The bailouts were extremely ugly but necessary. I don’t think anyone liked those bailouts except for the greedheads in the financial sector. Spending all that money saving the bacon of the incompetents at GM and the knuckleheads from the financial sector doesn’t fit any liberal agenda I’ve ever seen. Universal health care? Sounds good. That’s a part of the liberal agenda. Developoing green industries? Promoting infrastructure investments? Sure, those are great liberal ideas. Bailing out GM and Goldman Sachs with taxpayer money? Ugh. That’s just ugly, but it had to be done, not because it was good for them, but because it was good for us, the public at large.

Having done it, I’d like to see the big commercial and investment banks nationalized, with S&L’s and local credit unions serving the public in a competitive, private, and traditionally capitalist economic setting… Backed, of course, by the FDIC, and strictly regulated in order to prevent a reply of the S&L crisis…

Posted by: phx8 at February 28, 2010 1:27 AM
Comment #296413


Scoff,Scoff,Scoff. Where to start. Pelosi and Reid are far from a leftist. Has either one ever once called for the nationalization of oil companies for example? They have not even called for the recognition of Cuba. They are centrist.Pelosi is an Italian Catholic grandmother. Ried is pro-life from a right leanning state.. Name calling is not helpful. Please stop.
Far from leftist!?! They are avidly working to nationalize the healthcare industry in this country and wouldn’t even give lip service to maintaining a pretense of private ownership in the field if they had a ghost of a chance of achieving the “public option”! The whole compromise with reality they have sought, furthermore, has been designed, like most government interferance in medical care since W.W.II to hobble the industry to the point so-called “liberals” will claim “Markets have Failed!” and complete the seizure.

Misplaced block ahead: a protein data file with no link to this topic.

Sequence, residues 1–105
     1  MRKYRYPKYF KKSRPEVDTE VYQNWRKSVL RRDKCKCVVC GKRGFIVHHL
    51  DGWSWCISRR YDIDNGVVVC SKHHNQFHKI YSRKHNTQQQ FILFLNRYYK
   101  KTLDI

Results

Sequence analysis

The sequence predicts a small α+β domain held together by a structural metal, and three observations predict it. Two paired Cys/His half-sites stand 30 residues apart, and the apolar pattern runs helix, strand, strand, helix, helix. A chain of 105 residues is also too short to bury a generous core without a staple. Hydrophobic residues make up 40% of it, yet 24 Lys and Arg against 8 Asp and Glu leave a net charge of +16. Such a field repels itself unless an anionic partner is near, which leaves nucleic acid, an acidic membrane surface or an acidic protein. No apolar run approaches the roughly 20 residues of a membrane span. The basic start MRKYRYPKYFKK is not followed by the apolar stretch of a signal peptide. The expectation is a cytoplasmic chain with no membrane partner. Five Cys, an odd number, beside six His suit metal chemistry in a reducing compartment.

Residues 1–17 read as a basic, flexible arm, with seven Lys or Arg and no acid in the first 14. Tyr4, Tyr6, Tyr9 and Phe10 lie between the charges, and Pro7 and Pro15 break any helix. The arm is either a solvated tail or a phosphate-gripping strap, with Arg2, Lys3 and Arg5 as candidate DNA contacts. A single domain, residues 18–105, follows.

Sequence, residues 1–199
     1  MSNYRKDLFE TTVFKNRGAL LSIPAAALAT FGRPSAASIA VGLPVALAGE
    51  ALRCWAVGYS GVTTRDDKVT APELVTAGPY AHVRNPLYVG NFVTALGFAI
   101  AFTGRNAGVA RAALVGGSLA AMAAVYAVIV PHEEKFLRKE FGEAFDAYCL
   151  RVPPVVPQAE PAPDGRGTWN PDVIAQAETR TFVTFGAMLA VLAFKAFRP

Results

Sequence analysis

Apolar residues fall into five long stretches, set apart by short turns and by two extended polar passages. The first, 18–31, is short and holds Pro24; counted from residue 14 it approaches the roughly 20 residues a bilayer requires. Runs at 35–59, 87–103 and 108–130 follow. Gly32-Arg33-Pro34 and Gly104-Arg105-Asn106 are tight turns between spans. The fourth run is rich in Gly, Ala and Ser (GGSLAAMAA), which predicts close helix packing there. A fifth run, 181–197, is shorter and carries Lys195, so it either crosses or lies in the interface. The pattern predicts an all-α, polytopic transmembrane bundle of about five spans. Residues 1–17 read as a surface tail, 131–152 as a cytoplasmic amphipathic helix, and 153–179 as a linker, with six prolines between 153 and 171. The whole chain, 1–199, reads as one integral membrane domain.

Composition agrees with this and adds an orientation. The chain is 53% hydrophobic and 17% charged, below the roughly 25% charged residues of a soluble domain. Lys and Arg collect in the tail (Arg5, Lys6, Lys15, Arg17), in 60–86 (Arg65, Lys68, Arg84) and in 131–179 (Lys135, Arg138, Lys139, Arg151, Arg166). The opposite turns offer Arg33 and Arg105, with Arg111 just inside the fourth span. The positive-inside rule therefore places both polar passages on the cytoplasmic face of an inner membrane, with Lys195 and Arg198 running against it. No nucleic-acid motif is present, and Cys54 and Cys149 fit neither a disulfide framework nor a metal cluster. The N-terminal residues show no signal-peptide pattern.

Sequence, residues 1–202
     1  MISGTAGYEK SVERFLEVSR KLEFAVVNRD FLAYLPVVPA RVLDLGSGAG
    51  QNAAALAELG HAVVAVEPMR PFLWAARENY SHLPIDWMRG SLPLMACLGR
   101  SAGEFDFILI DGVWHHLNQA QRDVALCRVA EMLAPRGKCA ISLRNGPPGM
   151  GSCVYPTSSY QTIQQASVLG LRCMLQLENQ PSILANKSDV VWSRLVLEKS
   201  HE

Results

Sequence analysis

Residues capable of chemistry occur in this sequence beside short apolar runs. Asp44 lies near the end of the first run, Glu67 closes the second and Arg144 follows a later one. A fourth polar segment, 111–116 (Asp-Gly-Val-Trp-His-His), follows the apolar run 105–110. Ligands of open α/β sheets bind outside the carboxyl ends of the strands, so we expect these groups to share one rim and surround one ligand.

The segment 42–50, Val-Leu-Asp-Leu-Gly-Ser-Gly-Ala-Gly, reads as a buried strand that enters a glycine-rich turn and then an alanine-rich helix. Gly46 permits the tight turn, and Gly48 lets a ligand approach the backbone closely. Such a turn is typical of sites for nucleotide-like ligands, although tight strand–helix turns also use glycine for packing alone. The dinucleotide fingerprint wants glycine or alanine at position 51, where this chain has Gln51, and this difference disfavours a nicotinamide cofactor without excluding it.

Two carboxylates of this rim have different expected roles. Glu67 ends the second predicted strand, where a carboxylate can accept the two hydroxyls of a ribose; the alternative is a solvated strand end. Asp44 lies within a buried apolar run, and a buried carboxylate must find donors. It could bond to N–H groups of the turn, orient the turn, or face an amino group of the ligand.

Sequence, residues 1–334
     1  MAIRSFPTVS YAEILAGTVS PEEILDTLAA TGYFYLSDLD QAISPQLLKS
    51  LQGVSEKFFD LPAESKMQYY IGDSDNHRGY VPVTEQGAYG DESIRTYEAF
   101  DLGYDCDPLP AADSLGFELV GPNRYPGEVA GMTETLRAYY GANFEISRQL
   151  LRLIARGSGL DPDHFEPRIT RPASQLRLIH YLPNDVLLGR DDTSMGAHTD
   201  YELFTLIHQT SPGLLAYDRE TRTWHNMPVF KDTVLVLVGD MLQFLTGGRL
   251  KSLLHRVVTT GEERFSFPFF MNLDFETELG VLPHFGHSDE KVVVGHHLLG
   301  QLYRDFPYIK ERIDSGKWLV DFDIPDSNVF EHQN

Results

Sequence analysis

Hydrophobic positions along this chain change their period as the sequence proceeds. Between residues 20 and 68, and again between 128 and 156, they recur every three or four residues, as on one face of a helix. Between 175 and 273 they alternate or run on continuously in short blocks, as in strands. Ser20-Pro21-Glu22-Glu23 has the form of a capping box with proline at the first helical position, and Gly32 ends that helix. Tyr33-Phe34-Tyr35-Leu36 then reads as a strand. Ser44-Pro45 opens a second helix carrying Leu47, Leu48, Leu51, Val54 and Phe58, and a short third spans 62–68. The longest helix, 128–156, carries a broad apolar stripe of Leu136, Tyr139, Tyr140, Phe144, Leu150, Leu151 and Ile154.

Furthermore Pelosi is a “staunch Catholic” right up until she has to deal with a smidgen of Catholic theology on something like the sacredness of an unborn human life. Her excuses for violations of that conception, based as they have been in blatant misrepresentations of Catholic teaching, have been publicly denounced by the Church. She appears to call herself a Catholic because it serves her well, not because she is in any way constrained by Church teaching.

Reid, now that Nevadans actually see what he will fight for when he has the power to fight, currently trails ANY prospective Republican challenger for re-election, does he not? Business interests IN NEVADA are openly calling his leadership ‘ANTI-BUSINESS”.

This is not name-calling, anyway. I am discussing the use of a term, “conservative”, and how it is erroneously applied to a people, the base of the Republican Party, who consistently vote for a more dynamic, enterprising economic system. The real “conservatives” are people like most Democrats and corporate Republicans like GWB who will throw up impenetrable bulwarks of protection and regulation around supercorporations. Buffett doesn’t make his comment quoted in the article in a vacuum. This is a good time to be too big to fail. Power centralizers like Pelosi, Reid, Bush,and Obama would create a system where politicians know where the business power is all the time, and don’t have to worry about it fractionalizing in a sand-like plethora of small-business development they can’t hold in the palms of their hands.

The Democrat base, in contrast, is voting for the Demcratic Party status quo.

I’ve made exactly your points about Teddy Roosevelt, but he was not a big-government Republican. To my knowledge he never even advocated for an income tax. But that’s not the point. Big government serves big business well by making it far more difficult for those pesky enterprises to scurry about their feet making change and revolutionizing the economy,(and producing those objectionalble nuveau-riche).